Below I have a text file with all the commands I entered during the session (thanks ‘get-history’), the script library file that I used for the demo and the slide deck. If you are looking for the IDisposable or the PowerShell web part stuff its not in either of those. I’ll be putting those up in separate posts, the web part because I want to clean i up and IDiposable because I want a little more testing before I unleash it on the world.
I’m also interested in feedback with the SharePointCmds.ps1 file in terms of what is useful and what commands are missing. If people find value in it I’ll maintaining it, extend it and generally make it more useful. Feel free to drop me any comments.6 comments Digg this
Its that time again, time for me to double my posts for the year. That can only mean one thing, its DevConnections! I’ve got three sessions this year:
Automating Common SharePoint Tasks with PowerShell
– Wednesday 11:45am in South Seas A&B
Effectively Using Features and Solutions
– Wednesday 4:30pm in South Seas A&B
Packaging Your Advanced SharePoint Customizations
– Thursday 3:00pm in South Seas A&B
I’ll be putting all the slides and content up after the presentations, so if any of these presentations interest you, check back later. If you are at the convention, drop me a note.No comments Digg this
Jeff Brand interviewed me for his Spaghetti Code podcast that was just published. The topic was SharePoint Development. Its my first time doing a podcast and was a very interesting experience. Talking into a mic with just one other person in the room (except for the intro, those 100s of people are really there…then they just leave) was a little weird at first. Jeff was a great host and really helped me feel comfortable doing my first podcast.
Check it out!No comments Digg this
K2, best known for their enterprise grade workflow engine, has recently released information on their latest product, K2 blackpoint. They are positioning this product for use when you need something more powerful than SharePoint Designer, don’t want to write custom code and don’t need the advanced features (or cost) of their primary workflow product, K2 blackpearl.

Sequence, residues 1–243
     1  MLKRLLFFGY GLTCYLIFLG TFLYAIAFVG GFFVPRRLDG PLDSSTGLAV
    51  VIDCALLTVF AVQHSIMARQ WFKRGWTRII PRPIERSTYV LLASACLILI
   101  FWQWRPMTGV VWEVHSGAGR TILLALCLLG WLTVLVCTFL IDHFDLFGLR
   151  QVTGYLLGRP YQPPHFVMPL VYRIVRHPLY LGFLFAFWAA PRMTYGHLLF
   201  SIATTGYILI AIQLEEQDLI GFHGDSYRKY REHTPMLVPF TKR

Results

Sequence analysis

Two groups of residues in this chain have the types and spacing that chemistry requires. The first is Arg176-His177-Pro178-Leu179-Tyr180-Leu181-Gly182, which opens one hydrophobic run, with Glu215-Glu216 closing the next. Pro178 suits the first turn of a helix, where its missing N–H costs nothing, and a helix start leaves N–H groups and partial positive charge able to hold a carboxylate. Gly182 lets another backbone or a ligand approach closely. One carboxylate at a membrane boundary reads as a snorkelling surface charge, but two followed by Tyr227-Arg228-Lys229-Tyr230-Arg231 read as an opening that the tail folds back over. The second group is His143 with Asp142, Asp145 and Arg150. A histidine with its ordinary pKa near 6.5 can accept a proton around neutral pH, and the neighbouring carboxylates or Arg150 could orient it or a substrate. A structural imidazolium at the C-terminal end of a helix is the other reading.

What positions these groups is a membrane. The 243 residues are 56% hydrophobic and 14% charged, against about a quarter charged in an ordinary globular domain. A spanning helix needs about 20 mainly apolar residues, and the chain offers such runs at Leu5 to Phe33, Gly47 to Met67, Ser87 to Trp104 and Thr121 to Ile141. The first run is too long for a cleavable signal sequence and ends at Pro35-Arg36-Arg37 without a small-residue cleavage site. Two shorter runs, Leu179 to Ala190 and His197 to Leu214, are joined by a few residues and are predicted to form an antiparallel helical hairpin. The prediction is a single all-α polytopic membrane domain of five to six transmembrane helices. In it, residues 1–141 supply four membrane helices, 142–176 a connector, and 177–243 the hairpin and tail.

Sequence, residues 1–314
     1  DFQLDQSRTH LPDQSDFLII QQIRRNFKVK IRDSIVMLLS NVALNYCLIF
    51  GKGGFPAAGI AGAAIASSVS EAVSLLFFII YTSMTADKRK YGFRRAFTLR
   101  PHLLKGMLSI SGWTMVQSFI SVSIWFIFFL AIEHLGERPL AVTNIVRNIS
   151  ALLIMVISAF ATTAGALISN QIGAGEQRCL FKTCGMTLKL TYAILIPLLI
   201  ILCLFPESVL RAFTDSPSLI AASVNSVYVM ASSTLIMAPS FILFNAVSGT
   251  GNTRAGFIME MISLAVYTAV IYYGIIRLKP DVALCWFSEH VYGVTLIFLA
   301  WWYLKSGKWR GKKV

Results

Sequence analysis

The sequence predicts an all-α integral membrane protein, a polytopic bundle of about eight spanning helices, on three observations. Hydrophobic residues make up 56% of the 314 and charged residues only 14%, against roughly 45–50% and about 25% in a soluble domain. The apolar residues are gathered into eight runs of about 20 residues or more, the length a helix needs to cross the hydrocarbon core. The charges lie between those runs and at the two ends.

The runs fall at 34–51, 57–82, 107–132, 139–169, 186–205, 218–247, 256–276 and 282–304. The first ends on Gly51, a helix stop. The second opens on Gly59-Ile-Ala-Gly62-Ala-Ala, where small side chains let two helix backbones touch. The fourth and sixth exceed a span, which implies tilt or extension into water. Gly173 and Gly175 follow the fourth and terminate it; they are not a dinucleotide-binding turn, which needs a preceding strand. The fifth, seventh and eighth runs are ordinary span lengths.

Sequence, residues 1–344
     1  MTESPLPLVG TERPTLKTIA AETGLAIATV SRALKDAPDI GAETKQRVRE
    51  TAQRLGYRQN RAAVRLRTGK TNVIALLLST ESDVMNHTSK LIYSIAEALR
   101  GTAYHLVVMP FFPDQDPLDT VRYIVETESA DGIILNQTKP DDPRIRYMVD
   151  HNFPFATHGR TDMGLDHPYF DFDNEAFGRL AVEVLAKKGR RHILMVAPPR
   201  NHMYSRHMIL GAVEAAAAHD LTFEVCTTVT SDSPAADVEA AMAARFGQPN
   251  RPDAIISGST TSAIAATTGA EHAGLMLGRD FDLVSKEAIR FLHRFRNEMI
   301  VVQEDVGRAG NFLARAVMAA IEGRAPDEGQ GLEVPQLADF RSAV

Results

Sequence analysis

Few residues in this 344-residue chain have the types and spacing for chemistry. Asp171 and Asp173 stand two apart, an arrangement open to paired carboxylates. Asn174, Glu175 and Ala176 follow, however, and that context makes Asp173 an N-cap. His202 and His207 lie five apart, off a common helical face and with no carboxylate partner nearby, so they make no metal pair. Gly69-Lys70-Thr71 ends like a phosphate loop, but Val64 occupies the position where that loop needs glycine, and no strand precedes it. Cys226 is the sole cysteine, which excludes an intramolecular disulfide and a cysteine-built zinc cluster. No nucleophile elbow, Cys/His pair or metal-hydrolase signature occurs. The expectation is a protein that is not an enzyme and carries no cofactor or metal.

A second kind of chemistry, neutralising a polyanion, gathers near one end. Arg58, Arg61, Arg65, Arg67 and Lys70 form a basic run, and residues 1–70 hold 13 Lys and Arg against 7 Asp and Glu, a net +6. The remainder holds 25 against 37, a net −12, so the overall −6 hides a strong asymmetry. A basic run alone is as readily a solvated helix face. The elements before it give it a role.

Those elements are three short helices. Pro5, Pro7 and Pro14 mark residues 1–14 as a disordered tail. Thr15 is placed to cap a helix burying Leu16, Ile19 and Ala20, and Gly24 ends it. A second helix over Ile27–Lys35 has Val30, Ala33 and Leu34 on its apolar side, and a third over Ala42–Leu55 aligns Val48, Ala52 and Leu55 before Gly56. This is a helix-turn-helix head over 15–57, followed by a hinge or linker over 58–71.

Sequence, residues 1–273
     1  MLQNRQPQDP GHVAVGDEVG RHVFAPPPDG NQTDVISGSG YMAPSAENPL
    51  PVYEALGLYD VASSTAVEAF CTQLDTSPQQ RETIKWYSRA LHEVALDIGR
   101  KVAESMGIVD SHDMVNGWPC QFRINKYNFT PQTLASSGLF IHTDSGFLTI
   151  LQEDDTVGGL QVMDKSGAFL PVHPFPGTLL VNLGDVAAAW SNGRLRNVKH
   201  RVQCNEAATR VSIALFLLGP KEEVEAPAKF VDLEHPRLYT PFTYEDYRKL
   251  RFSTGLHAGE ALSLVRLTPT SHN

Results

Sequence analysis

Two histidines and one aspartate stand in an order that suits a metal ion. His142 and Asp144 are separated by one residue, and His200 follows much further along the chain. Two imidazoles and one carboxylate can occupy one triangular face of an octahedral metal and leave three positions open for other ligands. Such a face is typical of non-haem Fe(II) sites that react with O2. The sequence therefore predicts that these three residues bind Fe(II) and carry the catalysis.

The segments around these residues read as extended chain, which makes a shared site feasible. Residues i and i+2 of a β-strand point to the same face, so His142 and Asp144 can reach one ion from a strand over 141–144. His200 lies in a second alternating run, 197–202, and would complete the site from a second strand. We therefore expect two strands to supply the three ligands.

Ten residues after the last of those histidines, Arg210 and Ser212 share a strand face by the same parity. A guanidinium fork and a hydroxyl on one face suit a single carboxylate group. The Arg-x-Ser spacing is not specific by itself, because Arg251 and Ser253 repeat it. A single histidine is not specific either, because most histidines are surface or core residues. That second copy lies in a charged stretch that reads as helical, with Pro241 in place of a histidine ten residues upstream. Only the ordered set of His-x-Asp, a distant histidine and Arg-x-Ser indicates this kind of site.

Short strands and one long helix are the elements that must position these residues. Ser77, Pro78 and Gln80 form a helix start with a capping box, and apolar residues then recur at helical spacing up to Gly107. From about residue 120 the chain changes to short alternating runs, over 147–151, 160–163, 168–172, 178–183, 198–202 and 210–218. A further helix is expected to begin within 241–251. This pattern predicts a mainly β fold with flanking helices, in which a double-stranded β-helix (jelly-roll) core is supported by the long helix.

I haven’t played extensively with it yet, but they do have a good overview video and a trial download to check out. I’m looking forward to putting it through its paces in the coming weeks.
K2 is also having a little contest, like an internet scavenger hunt, where you can win prizes and everlasting internet fame. In order to win, you need to find some images scattered across various sites, blogs and webcasts. Luckily for you, you’ve found one such location.Digg this
I once heard an analogy that navigating a submarine was like painting
over all the windows in your car, cracking the window and a attempting
to drive somewhere using only sound. Since I don’t have a sub handy I can’t speak to the accuracy of that, but sometimes debugging in SharePoint seems only slightly easier.
If you’ve ever created a FeatureReceiver, then you’ve probably also
had it not work. There’s some code that’ll work right the first time
for you, that never seems to be a custom feature. When the feature
doesn’t work you either don’t get the result you were expecting, or
worse, Something Bad Happened. Even if you assume that you’ve already got
your development environment set up so you can debug a web part, its